Microsoft Word can help ensure inclusive language in professional communication by checking your writing for gender bias, age bias, and more. This feature is turned off by default, so if you want to avoid using language exceptions, here’s how to turn it on.
The addition of an inclusive language for grammar checker is only available in the version of Word that comes with a Microsoft 365 subscription. If you use a stand-alone version of Office 2019 or an older version of Office, you will not have access to this feature.
Start by opening a Microsoft Word document. From the “Home” tab, click Editor> Settings.
You can also access this menu by going to File> Options, selecting “Checking,” and then clicking the “Settings” button.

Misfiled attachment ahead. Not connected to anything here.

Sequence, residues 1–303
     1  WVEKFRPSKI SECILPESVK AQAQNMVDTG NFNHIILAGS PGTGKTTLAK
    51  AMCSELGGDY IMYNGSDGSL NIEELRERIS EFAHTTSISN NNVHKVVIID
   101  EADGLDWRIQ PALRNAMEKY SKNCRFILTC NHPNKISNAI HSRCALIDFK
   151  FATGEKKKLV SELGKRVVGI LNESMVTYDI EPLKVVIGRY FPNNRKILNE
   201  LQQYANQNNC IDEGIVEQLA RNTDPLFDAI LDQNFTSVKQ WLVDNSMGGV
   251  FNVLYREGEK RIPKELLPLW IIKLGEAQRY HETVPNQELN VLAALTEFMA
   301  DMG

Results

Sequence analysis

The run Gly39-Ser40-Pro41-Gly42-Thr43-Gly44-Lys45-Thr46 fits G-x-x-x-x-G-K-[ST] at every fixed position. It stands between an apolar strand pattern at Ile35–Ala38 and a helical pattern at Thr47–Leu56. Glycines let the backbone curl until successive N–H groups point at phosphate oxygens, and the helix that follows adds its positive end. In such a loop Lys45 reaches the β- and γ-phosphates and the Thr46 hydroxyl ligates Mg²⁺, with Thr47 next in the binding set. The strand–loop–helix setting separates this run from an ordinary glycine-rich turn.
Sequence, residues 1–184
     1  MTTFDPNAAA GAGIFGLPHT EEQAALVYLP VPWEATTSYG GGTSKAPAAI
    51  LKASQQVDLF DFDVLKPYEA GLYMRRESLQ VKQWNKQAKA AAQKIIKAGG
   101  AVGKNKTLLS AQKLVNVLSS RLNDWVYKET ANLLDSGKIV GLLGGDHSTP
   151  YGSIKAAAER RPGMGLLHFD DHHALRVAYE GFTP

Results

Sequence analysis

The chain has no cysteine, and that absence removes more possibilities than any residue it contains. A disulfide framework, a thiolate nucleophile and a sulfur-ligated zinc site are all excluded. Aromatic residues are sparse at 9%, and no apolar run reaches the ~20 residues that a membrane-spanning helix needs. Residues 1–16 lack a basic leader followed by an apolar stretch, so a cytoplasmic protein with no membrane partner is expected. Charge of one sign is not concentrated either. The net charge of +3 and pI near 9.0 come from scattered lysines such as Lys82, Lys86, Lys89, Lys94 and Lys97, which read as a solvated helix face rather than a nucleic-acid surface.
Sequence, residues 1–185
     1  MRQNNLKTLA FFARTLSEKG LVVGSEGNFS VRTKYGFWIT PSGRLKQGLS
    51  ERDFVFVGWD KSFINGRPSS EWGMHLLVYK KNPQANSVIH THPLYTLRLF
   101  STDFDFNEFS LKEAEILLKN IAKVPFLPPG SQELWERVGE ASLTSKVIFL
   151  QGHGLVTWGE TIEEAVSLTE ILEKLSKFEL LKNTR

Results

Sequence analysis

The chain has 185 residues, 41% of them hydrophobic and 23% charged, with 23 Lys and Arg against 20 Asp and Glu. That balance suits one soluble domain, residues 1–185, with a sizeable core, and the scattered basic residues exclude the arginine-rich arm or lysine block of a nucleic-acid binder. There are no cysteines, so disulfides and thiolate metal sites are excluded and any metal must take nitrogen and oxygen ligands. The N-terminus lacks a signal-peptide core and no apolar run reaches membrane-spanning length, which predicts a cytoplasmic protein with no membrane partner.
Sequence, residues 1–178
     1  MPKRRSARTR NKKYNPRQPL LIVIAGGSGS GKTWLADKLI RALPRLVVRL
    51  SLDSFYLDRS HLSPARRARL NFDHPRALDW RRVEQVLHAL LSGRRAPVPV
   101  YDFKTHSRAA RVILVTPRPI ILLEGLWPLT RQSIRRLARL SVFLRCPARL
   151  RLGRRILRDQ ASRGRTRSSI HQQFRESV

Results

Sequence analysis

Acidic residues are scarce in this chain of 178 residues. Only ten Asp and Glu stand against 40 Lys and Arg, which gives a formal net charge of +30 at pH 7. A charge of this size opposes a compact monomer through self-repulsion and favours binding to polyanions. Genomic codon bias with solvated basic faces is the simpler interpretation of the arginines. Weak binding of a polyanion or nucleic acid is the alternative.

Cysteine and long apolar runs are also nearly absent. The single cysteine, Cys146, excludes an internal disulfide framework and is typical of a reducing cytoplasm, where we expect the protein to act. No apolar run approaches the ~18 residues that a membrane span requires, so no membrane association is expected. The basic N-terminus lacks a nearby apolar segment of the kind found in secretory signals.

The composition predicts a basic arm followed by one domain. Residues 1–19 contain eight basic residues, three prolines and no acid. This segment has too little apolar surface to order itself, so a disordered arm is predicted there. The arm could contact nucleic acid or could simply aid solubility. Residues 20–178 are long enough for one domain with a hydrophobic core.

Scroll down to the “Inclusivity” section, select all the check boxes that Word wants to check in your document, and click the “OK” button.
Now, when you write anything in Word, the grammar checker will take languages that are not inclusive, such as “white lists” and “black lists,” and suggest alternatives.
Grammar checks seem to be intended for bias that you haven’t thought of rather than being very clear. For example, some racial slurs are not flagged, perhaps because they are known to be offensive. However, the examiner takes the word “humanity,” with suggestions to change it to “human” and “human.”